Computing on encrypted data (COED) technologies keep data encrypted during processing. Stemming from the family of privacy-enhancing technologies, the main representatives of this breed of cryptographic techniques are secure multiparty computation (MPC) and homomorphic encryption. In combination with well-known encryption methods for data at rest and in transit, for the first time, COEDs enable data to be encrypted end-to-end throughout its entire lifecycle – ensuring data confidentiality and privacy protection for digital services. The next step towards industrial deployment: Lifting MPC into the cloud. For this purpose, we at Bosch Research have launched the open-source project "Carbyne Stack".
There are many attractive application areas for COEDs, including processing of sensitive personal data, protecting intellectual property when working with partners, and building customer trust in consumer AIoT.
The standardization and commercialization of COEDs is still in its infancy. Implementations to date are mostly prototypes from research, and first products are coming almost exclusively from innovative young startups. Fast-growing industry associations are emerging to raise awareness about COEDs in the industry and further accelerate their adoption. One example is the MPC Alliance, which Bosch joined in late 2020.
More in this blog article: Driving privacy-preserving computing technologies – Bosch has joined the MPC Alliance
The Carbyne Stack secure multiparty computation platform leverages cloud-native technology to lift MPC into the cloud, allowing easy, scalable and fault-tolerant deployment of the still nascent technology.
"Cloud native technologies empower organizations to build and run scalable applications in modern, dynamic environments such as public, private, and hybrid clouds.“
We at Bosch Research have decided to further develop our Carbyne Stack MPC cloud platform as an open-source project. Carbyne Stack combines state-of-the-art MPC protocols with modern cloud-native technologies, such as Kubernetes, Istio and Knative. In the medium term, the goal is to create a scalable, fault tolerant MPC platform suitable for use in industrial settings.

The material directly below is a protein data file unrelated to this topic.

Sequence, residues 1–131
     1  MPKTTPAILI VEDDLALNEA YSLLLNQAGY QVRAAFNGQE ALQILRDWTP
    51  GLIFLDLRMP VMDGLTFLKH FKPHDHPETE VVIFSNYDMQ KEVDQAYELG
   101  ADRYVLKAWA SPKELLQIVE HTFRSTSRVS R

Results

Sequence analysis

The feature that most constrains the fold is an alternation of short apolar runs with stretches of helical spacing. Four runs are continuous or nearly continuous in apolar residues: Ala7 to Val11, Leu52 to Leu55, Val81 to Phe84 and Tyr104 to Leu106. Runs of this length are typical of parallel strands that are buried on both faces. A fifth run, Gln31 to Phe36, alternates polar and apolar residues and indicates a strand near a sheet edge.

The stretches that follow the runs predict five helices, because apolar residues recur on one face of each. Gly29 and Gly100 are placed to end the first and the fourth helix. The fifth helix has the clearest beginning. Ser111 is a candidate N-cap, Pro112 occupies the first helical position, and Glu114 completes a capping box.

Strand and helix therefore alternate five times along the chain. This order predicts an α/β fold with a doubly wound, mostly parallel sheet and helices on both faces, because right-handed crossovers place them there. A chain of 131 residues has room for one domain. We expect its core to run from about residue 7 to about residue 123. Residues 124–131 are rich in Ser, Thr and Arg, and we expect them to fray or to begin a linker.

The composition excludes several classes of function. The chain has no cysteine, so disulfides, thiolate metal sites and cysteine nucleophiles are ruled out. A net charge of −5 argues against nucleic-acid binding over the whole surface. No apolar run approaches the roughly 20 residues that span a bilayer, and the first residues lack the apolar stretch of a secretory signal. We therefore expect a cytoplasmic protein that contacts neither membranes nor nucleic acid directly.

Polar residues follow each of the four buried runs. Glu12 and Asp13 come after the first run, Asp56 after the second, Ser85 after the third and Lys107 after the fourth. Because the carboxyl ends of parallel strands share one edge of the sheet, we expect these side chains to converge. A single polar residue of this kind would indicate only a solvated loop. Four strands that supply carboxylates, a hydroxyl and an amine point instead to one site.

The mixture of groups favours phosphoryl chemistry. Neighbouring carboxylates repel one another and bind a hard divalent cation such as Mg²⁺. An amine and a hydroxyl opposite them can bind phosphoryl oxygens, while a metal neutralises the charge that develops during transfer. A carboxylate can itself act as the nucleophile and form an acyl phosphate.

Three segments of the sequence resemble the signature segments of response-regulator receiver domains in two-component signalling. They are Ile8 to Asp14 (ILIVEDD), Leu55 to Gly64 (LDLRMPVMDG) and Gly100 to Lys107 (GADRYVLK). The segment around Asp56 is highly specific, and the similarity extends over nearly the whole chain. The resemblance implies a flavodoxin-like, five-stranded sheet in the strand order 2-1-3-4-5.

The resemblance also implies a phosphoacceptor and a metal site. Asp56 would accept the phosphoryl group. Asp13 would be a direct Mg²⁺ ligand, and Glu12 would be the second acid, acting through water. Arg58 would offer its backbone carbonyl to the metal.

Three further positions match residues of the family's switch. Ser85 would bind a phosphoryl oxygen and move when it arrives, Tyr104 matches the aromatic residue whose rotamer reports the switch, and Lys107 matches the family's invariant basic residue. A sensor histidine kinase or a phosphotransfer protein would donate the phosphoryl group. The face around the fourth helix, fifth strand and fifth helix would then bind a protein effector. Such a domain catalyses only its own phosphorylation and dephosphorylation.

This decision reflects our conviction that the development of security-related software benefits from the transparency and openness of an open-source project. In making Carbyne Stack open source, we are also setting the stage for pushing the technology forward together with partners outside the Bosch Group.
The Carbyne Stack open-source project is already living up to its role as an enabler for collaboration. Together with like-minded fellows from Bosch Corporate IT and external partners from industry and academia, Bosch Research is working over the next three years to expand the feature set of Carbyne Stack and test it in a commercial environment within the scope of the CRYPTECS project funded by the German Federal Ministry of Education and Research.
We encourage anyone committed to advancing and promoting the use of privacy-friendly technology – whether individuals or organizations – to contribute to the project. Contributions of any kind are welcome via our Carbyne Stack GitHub organization.
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Author: Sebastian Becker
With his academic background in health information management and medical engineering, Sebastian joined Bosch Research in 2011 as a Research Engineer in the field of telemedical systems. His deep-seated interest in the protection of (personal) data during IT-based processing has consistently played an important role in his activities. With his work in the field of privacy-preserving computing technologies (PPCTs), not only does Sebastian want to provide a basis for secure and confidential processing of critical data to the company – he also wants to make it available for application to the public.
Author: Sven Trieflinger
Sven is a Research Engineer and Senior Project Manager at Bosch Research. He received his doctoral degree from the Institute for Parallel and Distributed Systems at the University of Stuttgart in 2011 for his work on peer-to-peer grid computing for irregularly structured problems. His scientific expertise is in distributed systems, cloud technologies and scientific computing. He has over 15 years of experience in the design, architecture and implementation of distributed systems and cloud platforms. Sven holds several patents in the area of theory and application of privacy-preserving computing technologies. As a Senior Project Manager, he draws on eight years of experience managing international research projects.